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The New Urban Aesthetic with Dr. Samuel Hughes
Episode 427th February 2022 • Charter Cities Podcast • Kurtis Lockhart
00:00:00 00:42:09

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In January 2020, the Building Better, Building Beautiful Commission published ‘Living with beauty’, a report that has led to a new national design guide and model design code with changes to the national policy. The policy changes replaced the word ‘good design’ with ‘beauty’, but is there more to beauty than just appearance? Joining us to discuss the beautification of urban spaces today is Dr. Samuel Hughes, a Senior Fellow at Policy Exchange, a Research Fellow in Philosophy, Theology, and Religion at Oxford University, and a frequent commentator on issues ranging from architecture and urbanism to aesthetics. He was also Sir Roger Scruton's researcher on the Building Beautiful Commission. His focus at Policy Exchange is on understanding why the quantity and quality of new homes and neighborhoods is so inadequate in the UK and developing policy instruments to improve them. In this episode, we discuss the consideration of aesthetics in the urban planning process, the concept of beauty as a benchmark that all new developments should meet, and how empowering residents to design their own streets can help solve the housing crisis that the UK is currently facing. We also touch on survivorship bias; data, technology, and aesthetics; and the cost of suburbia, as well as the positive and negative aspects of path dependency, and more! Make sure to join us today for a fascination conversation about the ‘new’ urban aesthetic with Dr. Samuel Hughes.

Key Points From This Episode:

•   How Samuel’s philosophy studies have influenced his views on urbanism and architecture.

•   His reflections on the role that aesthetics or ‘beauty’ plays in UK urban planning debates.

•   How the win-win model for ‘street votes’ impacts the future of UK cities.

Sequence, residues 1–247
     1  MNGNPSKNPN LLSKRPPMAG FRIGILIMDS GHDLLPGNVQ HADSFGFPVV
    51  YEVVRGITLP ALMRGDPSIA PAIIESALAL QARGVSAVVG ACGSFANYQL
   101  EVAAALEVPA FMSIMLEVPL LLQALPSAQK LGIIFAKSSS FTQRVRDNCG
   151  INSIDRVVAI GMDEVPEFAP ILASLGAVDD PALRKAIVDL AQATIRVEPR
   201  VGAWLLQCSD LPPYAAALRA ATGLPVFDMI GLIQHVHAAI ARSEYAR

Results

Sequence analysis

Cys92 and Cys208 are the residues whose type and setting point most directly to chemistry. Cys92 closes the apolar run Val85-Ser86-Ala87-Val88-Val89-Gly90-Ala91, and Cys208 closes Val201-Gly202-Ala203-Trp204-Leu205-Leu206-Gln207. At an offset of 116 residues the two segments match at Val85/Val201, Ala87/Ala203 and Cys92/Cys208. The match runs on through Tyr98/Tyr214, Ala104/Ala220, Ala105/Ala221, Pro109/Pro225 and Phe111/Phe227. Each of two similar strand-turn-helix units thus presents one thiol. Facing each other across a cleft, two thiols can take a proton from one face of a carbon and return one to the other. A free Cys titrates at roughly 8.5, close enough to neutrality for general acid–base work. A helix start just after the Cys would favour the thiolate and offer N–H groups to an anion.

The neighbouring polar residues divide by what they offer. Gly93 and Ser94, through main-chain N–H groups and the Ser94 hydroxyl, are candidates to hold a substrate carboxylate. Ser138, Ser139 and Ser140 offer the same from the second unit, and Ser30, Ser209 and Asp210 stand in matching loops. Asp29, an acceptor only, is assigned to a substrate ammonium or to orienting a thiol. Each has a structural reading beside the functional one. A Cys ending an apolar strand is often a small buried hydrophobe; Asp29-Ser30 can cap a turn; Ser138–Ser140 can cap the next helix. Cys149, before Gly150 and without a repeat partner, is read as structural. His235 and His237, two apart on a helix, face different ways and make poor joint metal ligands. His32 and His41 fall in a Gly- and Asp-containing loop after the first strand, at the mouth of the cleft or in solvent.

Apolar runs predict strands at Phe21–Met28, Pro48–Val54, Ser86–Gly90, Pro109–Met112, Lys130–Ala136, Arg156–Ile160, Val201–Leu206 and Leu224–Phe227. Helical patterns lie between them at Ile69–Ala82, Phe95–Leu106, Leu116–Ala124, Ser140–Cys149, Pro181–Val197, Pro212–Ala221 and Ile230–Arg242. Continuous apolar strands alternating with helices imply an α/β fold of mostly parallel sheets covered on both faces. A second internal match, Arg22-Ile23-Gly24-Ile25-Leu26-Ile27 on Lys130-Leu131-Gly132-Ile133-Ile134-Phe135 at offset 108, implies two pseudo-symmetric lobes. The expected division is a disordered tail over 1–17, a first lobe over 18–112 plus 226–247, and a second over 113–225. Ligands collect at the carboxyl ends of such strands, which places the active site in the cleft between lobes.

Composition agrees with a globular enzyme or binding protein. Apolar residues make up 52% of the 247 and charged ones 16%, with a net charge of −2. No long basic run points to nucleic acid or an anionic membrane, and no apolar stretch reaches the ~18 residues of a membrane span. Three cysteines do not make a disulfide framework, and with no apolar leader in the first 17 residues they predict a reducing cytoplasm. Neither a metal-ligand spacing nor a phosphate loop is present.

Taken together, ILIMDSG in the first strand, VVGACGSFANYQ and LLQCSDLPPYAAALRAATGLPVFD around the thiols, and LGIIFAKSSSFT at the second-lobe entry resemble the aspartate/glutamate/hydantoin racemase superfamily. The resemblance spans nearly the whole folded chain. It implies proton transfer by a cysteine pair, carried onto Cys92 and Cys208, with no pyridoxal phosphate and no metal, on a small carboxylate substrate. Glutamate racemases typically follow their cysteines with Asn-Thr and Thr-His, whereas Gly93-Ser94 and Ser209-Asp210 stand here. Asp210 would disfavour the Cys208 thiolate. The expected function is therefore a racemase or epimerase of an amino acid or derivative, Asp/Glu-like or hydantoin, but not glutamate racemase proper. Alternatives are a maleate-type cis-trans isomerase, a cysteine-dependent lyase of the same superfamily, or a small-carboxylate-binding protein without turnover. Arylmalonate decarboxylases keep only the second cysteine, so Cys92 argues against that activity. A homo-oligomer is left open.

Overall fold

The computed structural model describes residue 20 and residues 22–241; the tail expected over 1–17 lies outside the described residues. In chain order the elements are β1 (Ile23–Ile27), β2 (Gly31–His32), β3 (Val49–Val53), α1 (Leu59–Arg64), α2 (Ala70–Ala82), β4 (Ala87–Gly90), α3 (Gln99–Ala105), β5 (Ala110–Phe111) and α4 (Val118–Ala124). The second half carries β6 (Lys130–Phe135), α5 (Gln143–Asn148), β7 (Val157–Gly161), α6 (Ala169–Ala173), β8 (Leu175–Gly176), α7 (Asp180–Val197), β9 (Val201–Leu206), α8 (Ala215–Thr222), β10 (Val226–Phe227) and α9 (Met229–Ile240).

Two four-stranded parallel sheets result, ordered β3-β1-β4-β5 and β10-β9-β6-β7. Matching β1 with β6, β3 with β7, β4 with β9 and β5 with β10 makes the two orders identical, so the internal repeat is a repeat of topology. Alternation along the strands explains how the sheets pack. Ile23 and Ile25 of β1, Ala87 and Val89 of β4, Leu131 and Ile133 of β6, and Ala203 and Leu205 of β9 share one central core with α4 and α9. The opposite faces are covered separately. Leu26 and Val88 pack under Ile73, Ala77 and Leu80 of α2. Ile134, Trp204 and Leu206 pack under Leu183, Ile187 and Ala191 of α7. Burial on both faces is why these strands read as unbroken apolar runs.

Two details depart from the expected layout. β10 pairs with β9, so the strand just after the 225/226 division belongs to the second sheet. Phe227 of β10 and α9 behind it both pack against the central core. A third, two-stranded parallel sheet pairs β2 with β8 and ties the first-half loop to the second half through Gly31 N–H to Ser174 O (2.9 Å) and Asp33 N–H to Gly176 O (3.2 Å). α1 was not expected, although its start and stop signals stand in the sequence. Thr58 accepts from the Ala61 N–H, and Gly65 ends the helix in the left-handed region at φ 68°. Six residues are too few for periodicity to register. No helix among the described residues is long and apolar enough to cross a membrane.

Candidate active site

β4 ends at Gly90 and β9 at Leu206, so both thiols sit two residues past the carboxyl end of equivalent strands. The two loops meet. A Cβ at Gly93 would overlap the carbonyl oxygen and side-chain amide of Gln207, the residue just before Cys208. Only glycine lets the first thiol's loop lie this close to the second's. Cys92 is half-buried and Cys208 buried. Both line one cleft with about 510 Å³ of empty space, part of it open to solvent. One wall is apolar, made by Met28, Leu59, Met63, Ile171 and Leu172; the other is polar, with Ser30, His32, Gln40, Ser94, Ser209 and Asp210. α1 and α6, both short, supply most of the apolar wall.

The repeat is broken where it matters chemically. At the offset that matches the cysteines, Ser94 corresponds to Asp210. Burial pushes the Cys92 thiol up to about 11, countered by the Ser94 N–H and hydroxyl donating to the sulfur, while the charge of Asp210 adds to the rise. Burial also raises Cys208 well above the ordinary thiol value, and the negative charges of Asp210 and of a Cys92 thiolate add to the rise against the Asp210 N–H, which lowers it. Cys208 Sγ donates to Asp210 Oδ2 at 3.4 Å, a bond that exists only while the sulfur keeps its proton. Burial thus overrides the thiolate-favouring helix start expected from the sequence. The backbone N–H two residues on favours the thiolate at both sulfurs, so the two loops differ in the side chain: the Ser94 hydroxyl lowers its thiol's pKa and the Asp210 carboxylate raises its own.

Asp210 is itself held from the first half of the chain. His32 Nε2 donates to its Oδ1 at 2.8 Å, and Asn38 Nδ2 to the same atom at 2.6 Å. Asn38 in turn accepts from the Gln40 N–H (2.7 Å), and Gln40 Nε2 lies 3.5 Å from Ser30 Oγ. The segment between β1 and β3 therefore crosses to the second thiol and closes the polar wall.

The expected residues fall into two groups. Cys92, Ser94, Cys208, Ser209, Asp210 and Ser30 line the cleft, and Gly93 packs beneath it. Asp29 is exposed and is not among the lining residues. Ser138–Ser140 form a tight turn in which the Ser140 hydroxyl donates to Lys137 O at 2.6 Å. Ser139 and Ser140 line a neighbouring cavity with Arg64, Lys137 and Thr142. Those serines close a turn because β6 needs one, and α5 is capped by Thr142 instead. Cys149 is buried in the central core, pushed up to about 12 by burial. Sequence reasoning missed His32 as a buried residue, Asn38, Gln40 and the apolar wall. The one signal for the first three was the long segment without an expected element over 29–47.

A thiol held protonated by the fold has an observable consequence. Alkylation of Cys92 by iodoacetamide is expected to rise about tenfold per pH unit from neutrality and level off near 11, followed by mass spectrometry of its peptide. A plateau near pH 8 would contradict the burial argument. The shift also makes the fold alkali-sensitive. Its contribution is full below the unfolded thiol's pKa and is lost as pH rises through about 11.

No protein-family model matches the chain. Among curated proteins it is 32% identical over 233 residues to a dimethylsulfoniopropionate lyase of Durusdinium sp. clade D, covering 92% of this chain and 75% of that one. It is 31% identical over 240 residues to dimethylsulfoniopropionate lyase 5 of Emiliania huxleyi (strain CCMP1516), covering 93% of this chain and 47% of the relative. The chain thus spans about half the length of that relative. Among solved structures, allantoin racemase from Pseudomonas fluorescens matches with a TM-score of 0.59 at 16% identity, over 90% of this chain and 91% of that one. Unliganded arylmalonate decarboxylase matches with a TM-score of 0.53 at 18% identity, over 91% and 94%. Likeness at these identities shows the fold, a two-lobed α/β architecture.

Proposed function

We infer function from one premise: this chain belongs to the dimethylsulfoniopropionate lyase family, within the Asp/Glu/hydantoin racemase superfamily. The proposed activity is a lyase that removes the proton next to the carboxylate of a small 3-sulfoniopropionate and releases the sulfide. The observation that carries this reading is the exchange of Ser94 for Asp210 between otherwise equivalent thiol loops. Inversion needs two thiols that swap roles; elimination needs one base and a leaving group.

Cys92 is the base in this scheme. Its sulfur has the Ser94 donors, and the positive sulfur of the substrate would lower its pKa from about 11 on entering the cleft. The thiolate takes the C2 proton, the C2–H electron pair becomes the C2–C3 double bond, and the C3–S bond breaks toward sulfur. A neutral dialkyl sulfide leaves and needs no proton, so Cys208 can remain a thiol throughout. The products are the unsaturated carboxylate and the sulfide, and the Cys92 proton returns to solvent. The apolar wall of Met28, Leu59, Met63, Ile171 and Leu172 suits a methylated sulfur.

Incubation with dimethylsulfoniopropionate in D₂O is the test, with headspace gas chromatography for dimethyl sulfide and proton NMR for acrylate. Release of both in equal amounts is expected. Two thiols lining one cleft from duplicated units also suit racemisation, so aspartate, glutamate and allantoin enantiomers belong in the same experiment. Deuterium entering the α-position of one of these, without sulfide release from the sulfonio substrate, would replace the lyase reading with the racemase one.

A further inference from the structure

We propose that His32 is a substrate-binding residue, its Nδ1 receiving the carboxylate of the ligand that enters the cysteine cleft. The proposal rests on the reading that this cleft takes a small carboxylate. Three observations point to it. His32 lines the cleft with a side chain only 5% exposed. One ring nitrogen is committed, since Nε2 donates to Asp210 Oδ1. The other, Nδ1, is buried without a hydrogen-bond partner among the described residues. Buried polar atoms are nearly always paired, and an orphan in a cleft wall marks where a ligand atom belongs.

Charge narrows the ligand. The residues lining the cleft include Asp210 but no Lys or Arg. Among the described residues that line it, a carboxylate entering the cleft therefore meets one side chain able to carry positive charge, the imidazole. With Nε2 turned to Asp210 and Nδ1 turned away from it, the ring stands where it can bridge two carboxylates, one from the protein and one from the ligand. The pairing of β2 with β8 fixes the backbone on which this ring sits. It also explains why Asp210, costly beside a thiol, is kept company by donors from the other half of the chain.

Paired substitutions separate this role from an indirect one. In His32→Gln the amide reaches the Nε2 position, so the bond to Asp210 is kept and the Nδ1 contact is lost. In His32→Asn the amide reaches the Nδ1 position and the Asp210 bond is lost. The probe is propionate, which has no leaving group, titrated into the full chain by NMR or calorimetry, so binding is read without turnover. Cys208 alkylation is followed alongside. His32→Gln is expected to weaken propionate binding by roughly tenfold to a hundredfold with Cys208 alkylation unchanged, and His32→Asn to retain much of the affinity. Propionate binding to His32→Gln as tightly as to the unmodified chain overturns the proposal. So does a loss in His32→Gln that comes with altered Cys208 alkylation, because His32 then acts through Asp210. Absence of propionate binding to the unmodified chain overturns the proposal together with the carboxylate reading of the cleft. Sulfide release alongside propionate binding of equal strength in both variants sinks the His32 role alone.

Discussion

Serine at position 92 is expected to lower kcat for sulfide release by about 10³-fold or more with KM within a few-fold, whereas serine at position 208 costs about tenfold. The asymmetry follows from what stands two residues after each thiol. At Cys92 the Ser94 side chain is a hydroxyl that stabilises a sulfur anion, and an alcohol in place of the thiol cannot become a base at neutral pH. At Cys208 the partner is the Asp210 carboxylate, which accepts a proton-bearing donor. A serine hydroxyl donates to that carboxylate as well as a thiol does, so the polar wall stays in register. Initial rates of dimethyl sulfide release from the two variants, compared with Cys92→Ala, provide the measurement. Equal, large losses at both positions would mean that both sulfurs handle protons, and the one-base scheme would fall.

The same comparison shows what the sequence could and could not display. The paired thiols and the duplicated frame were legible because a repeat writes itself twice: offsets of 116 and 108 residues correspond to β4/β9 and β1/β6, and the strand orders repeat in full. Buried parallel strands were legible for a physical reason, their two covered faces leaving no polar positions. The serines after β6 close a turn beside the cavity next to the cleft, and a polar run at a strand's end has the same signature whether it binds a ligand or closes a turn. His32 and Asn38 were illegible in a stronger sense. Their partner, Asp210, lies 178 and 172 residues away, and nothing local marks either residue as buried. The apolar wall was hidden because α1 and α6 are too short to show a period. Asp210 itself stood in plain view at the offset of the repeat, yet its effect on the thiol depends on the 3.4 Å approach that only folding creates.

•   Samuel describes what he calls a bobtailed version of street votes in Houston, Texas.

•   Why he believes we find older buildings more attractive than contemporary architecture.

•   Survivorship bias versus loss of skills necessary to replicate ‘more beautiful’ architecture.

•   The appetite that fueled the dramatic shift in architectural style post WWI, and gave birth to Brutalism, for example.

•   Samuel shares why he believes that architects tend to make bad urban planners.

•   How modern simulation and design technology have changed the built environment.

•   The role empirical data plays in influencing the aesthetics of the built environment.

•   While he doesn’t share the contempt for suburbia that many of his peers have, Samuel acknowledges that it imposes enormous costs.

•   What the west can learn about architecture and urban form from places like Japan.

•   German architecture as an example of path dependency as a positive and negative force.

•   Samuel’s advice for building a new city: design institutional structures in cities that will allow those cities to evolve over time.

•   Learn more about Samuel’s book on philosophical approaches to artistic modernism.


Links Mentioned in Today’s Episode:

Dr. Samuel Hughes

Dr. Samuel Hughes on LinkedIn

Dr. Samuel Hughes on Twitter

Policy Exchange

‘Living with beauty’

‘Against the survival of the prettiest’

Charter Cities Institute

Charter Cities Institute on Facebook

Charter Cities Institute on Twitter